It is the way you look at things that truly matter
The rings we picked out for our wedding were beautiful.
Mine, a white gold band featuring a vine design with few diamonds. His, a white gold, hammered band, a style he had always wanted.
We scrimped and saved for them, eating $1 dinners and nixing coffee runs to Dunkin Donuts and Starbucks.
But life has a funny away of messing with you. Just when you think you see the light at the end of the tunnel, you realize it is just another train coming to flatten you.
A few weeks before we were going to go and place our order, the door to our mudroom cracked open as I went to let the dog out.
Two brand-new Asiatic lily plants were sitting in there. They were purchased by a friend for our new home, but not quiet ready to go into the ground yet due to threats of frost.
As I stood waiting for the dog, I turned around just in time to see our cat chewing a bit of leaf she had ripped off the plant.
I imagine if someone had seen me that morning that would have thought I was taking part in some strange art experiment as my eye widened to likely comical proportions and a sound that could best be described as Donald Sutherland’s shriek at the end of “Invasion of the Body Snatchers” left my mouth.
You see, lilies are toxic to cats. It can lead to kidney failure and death.
So off to the vet she went for a two-day stay, where she underwent IV hydration and charcoal injestion to stop the toxic substance from damaging her kidneys. The money we saved for our rings went to pay for her treatment.
While we were not thrilled with the cat, we couldn’t really stay mad at her. It was technically my fault for not making sure the door to the mudroom was closed.
Plus there was the fact that my husband’s car was totaled a few months later. To get him a new vehicle, we had to take the money we had saved for our hoped for Cape Cod honeymoon. It sort of put the cat’s curious tastebuds into perspective.
Wedding planning is a beast no one is really prepared for. Each bride or groom will have a different idea for what they want for their wedding. But one common thing will be true for almost all weddings: something will go wrong.
During our reception, a guest got a piece of food stuck in their throat while trying to stop our young sign holder from making a break for the cake. He had to be taken out on a stretcher to the hospital.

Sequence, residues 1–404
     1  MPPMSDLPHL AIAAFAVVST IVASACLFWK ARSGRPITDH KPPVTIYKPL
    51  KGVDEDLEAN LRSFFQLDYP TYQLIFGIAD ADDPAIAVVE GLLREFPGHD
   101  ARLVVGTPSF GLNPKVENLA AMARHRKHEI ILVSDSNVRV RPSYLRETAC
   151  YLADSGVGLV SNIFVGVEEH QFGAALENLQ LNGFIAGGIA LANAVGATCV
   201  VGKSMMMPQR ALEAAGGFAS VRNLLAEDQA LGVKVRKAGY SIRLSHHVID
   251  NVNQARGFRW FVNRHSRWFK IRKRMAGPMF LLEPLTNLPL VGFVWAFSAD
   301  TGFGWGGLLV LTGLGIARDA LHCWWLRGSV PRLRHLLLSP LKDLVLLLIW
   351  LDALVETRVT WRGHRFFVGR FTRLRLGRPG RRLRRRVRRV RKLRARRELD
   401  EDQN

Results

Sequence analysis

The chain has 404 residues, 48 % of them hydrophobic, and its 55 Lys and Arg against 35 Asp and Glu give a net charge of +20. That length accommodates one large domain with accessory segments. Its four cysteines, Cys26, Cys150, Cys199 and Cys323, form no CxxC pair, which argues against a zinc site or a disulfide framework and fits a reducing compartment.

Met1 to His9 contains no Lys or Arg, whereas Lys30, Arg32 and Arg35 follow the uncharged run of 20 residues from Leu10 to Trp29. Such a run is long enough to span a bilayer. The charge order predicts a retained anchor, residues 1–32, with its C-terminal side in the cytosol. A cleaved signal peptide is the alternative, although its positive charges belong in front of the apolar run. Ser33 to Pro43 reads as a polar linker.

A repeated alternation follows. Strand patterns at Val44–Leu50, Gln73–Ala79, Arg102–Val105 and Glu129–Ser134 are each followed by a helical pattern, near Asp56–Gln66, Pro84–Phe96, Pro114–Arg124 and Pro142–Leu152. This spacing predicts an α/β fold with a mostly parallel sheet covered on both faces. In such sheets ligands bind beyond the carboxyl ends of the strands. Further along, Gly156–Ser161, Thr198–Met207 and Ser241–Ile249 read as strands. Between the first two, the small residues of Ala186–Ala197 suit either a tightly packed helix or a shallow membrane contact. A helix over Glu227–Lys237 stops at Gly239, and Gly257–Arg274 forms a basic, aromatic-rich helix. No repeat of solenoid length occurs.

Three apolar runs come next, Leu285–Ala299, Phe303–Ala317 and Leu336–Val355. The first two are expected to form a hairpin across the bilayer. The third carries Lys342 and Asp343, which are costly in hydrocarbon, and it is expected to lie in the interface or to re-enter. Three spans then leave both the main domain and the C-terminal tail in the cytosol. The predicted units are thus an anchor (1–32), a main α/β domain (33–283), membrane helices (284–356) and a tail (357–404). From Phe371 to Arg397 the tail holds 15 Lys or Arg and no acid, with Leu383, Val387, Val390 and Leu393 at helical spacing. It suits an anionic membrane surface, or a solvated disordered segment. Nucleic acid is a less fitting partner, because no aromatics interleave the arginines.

At a wedding I was in a few years prior, the DJ the couple hired sent one of his friends instead.
This fine gentleman showed up with none of the requested music and what seemed to be a massive hangover. Throughout dinner, he played an instrumental version of “My Hear Will Go On,” the only song the bride had requested not be played, on repeat.
At a Westchester County wedding, a group of jetskiers intentionally kept riding back and forth, revving their engines and trying to splash the bridal party during the vows portion of the ceremony.
A DJ at yet another ceremony announced the new couple and several of their family members by the completely wrong names. Smooth.
I have seen a ripped dress train, a first dance slip and fall, and at one memorable wedding roughly 10 guests drank all the Scotch in the place a little more than an hour into the reception starting.
I’m sure many of our readers have similar stories of surprise issues that came up, from tux disasters to cake catastrophes.
The maid of honor at my wedding will be getting married in a few months in Denver. One of my pieces of advice for her was to remember that something will go wrong. Just know that short of true tragedy, you will look back and laugh about these problems and sometimes they can be resolved.
Despite our preferred photo location being a no go, we still found spots around the venue to take pictures. The choking guest was able to come back at the end of the reception.
The C.D.’s finally arrived to the chain-smoking DJ so the first dance could go on.
The jetskiers were eventually chased away by a couple boaters who realized what was happening. The bride and groom later flagging the duo down to give them some appetizers and a thank you.
And after all, isn’t rain on your wedding day supposed to be good luck?
The opinions expressed in this column are those of the writer and not necessarily those of the newspaper or its editorial board.